Coconut is the nut or fruit of the coconut palm, a member of the Arecaceae or palm family of plants. The edible oil extracted from mature coconuts is used in foods, medicines and industry.
The United States Food and Drug Administration (FDA), World Health Organization (WHO) and Britain’s National Health Service (NHS) warn against high amounts of coconut oil in the diet, mainly due to the oil’s high saturated fat content. However, the conventional advice is often misguided and misleading.
Many medical professionals consider coconut oil an important dietary element, and research indicates it can greatly benefit heart health. According to some studies, coconut oil is helpful for balancing the thyroid hormone, and it can help improve cholesterol levels.
Plant-Based Saturated Fats
Coconut oil consists primarily of saturated fats, triglycerides made up of saturated fatty acids. In fact, the oil is more than 90 percent saturated fats. However, the saturated fatty acids in coconut oil differ from animal-based saturated fats. The chemical composition of plant-based fats lower cholesterol, an organic fat compound, while animal fats increase it.
Nearly half the saturated fats from unrefined coconut oil contain lauric acid, an essential fatty acid. Lauric acid has been shown to lower harmful levels of fat in the bloodstream while boosting beneficial levels.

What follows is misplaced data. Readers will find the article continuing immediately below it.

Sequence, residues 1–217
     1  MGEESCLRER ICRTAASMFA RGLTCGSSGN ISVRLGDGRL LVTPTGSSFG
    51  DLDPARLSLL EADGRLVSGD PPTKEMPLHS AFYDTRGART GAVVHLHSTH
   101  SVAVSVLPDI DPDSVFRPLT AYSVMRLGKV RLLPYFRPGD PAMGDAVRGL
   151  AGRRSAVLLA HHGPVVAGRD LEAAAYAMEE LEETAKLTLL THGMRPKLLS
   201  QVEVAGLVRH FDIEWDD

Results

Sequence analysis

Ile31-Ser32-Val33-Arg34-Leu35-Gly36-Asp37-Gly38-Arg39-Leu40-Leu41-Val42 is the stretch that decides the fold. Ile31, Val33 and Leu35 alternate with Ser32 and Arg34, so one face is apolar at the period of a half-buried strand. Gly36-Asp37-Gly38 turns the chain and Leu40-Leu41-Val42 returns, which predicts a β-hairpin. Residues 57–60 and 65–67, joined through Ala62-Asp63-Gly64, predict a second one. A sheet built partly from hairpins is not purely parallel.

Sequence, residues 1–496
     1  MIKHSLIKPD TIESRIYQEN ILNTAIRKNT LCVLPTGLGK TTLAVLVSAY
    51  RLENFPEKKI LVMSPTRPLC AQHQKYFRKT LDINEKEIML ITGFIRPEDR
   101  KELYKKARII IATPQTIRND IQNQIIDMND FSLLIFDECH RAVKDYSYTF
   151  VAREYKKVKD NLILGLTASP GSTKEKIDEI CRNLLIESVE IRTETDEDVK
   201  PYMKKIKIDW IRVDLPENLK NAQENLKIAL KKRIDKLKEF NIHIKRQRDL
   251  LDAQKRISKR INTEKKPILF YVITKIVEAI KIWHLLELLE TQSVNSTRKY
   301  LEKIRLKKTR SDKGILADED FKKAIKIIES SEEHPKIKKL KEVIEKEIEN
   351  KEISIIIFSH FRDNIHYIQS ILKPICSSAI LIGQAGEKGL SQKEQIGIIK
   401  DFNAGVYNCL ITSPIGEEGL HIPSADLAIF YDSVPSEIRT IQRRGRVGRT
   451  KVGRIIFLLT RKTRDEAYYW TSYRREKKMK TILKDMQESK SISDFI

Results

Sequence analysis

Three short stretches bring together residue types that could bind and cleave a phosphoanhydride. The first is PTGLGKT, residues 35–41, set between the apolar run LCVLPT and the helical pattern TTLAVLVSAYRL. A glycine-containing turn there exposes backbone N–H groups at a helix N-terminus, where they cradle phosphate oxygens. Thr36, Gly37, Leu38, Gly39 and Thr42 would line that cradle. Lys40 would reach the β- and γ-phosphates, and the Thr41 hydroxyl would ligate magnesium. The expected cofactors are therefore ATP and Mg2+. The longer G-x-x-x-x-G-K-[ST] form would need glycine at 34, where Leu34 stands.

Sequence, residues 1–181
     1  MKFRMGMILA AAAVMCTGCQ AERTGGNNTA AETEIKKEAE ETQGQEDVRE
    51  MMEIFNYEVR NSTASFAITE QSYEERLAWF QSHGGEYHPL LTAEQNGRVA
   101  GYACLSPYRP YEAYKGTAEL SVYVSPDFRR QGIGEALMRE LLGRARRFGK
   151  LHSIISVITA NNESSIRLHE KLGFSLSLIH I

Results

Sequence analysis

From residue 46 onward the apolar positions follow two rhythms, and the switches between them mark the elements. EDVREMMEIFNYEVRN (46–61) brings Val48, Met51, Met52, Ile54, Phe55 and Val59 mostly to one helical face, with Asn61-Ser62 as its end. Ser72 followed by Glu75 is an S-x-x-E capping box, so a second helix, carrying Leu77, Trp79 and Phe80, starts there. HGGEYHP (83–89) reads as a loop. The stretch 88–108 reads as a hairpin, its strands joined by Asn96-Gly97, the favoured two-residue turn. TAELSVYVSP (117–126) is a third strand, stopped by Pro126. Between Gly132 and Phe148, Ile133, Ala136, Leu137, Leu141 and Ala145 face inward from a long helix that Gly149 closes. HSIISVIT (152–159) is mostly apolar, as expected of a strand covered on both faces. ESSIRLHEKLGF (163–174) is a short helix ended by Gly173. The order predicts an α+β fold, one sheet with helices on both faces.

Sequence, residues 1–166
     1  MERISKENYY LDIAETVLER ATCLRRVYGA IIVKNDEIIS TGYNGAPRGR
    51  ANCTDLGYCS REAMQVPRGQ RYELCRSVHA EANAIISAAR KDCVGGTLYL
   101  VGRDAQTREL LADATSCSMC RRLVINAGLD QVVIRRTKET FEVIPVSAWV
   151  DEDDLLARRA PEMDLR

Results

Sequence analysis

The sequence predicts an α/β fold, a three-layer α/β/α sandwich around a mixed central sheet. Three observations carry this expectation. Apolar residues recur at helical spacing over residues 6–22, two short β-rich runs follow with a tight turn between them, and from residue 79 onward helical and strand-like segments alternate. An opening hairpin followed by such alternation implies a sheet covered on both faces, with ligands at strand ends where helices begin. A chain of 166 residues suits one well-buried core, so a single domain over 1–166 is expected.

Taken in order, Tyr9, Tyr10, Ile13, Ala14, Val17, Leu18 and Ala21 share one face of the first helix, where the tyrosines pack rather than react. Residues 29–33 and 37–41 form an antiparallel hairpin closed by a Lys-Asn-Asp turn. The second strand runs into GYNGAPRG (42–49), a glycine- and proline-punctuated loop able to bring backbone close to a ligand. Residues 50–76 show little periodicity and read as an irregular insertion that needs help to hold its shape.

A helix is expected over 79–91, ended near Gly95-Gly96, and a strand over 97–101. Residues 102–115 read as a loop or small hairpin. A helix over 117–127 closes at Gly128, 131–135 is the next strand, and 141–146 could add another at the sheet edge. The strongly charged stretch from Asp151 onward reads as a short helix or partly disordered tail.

In addition to saturated fats, coconut oil contains polyunsaturated fats. These are heart-healthy substances found mostly in seeds and nuts. Polyunsaturated fats help improve cholesterol levels by keeping the arteries elastic and allowing blood to flow freely. Whole foods and unrefined oils are best, as heating and processing damages these fatty acids.
Monounsaturated fats are found in various food sources, including high-fat fruits and nuts. In its virgin form, coconut oil contains about six percent monounsaturated fats.
According to medical experts at the Mayo Clinic, monounsaturated fats protect the heart by removing harmful LDL from the artery walls and increasing beneficial HDL levels in the body.
More on LDL and HDL
Low-density lipoprotein (LDL) is a major group of lipoproteins, biochemical particles that contain both proteins and lipids (fats). High LDL levels cause health problems and heart disease.
High-density lipoprotein (HDL) is another major lipoprotein group that transports lipids in the bloodstream. In contrast to LDL, HDL moves cholesterol from the arteries to the liver for re-utilization or excretion. People with higher HDL levels have fewer problems with heart disease.
Cooking with Coconut Oil
Used in food preparation and cooking, coconut oil can be an important part of a heart-healthy diet. The American Heart Association (AHA) says coconut oil can help improve cholesterol levels in foods that are broiled, grilled or baked.
People who replace animal-based saturated fats with plant-based coconut oil help improve cholesterol levels. By lowering these levels instead of increasing them, people can take an active role in preventing and controlling heart disease. Coconut oil can easily be substituted for butter, shortening and other unhealthy fats.